Charles Joseph La Trobe
Charles Joseph La Trobe was so controversial in so many ways. Relatively little is popularly known about him, and yet he achieved so much during his tenure as Superintendent of the Port Phillip District and as Lieutenant-Governor of the colony of Victoria.
He is best remembered as a pioneering administrator who came as Superintendent in 1839 to Port Phillip, a primitive, underdeveloped and underpopulated colony, and left it in 1854 as the then most affluent city in the world.
La Trobe was, and remains, a profoundly misunderstood figure in Victoria’s history. From the day he set foot on the soil of Port Phillip, there was a distance between him and the colonists due to the fact that they did not understand each other. Fundamental to all the Superintendent’s thoughts, words and actions were his spirituality and his evangelicalism, and he duly shocked the colonists with his arrival speech:
It will not be by individual aggrandisement, by the possession of numerous flocks and herds, or of costly acres, that we shall secure for the country enduring prosperity and happiness, but by the acquisition and maintenance of sound religious and moral institutions, without which no country can become truly great. Let us remember that religion is the only great preventive of crime, and contributes more, in a far more endurable manner, to the peace and good order of society than the Judge and the Sheriff – the gaol and the gibbet united.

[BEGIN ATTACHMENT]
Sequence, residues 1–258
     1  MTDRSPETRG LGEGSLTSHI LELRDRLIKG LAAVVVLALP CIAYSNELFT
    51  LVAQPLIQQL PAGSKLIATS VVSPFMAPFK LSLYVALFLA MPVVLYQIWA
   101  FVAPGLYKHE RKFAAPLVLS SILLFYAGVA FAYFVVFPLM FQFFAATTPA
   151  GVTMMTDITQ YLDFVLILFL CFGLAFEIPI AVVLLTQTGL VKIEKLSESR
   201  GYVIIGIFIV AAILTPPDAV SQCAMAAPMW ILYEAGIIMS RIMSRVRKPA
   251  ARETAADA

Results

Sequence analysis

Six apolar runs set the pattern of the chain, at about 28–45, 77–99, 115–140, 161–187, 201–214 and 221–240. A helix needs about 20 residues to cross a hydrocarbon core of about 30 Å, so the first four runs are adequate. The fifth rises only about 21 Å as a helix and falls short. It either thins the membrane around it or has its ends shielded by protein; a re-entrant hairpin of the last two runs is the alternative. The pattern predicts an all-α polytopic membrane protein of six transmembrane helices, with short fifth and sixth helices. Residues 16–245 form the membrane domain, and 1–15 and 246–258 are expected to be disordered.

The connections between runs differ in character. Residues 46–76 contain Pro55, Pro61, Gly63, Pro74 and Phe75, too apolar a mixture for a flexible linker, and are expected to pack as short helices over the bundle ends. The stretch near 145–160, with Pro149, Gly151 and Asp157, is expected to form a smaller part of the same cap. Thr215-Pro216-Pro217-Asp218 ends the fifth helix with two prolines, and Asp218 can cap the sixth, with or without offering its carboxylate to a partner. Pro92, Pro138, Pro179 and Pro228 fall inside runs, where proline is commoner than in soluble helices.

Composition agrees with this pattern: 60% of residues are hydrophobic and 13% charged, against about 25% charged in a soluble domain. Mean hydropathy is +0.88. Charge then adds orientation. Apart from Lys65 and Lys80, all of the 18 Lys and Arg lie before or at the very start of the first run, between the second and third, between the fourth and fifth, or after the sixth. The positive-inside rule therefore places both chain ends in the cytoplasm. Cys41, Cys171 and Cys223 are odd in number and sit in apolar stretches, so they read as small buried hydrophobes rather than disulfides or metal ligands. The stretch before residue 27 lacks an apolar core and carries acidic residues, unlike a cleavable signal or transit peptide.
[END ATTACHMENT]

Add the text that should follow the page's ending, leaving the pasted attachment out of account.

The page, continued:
La Trobe was certain about his civilising mission in this outpost of empire, while the colonists had just one major preoccupation – to improve their material lot in life.
When the time came for La Trobe to leave these shores in 1854, he was an exhausted and dispirited man. His disillusionment and bitterness is symptomatic of how he felt after devoting fifteen years of his life to the management of a far-off colony at a critical and often turbulent period in its formation, only to find on his return to England that he was not even entitled to an appropriate pension. Despite the fact that he was only fifty-three years of age when he returned from his long and arduous service, he was never offered another post after his work in Australia, and he had to wait ten years before he was able to persuade the British Government to give him a modest pension. The only acknowledgement of his services was the award of the Order of the Bath in 1858, presented at Queen Victoria’s pleasure to civil servants for service of the highest calibre.
Why was it that Charles Joseph La Trobe was largely ignored, under-valued and denied his just recompense for years of selfless devotion as the creditable and courageous contributor to the solid foundations on which the present-day State of Victoria is built?
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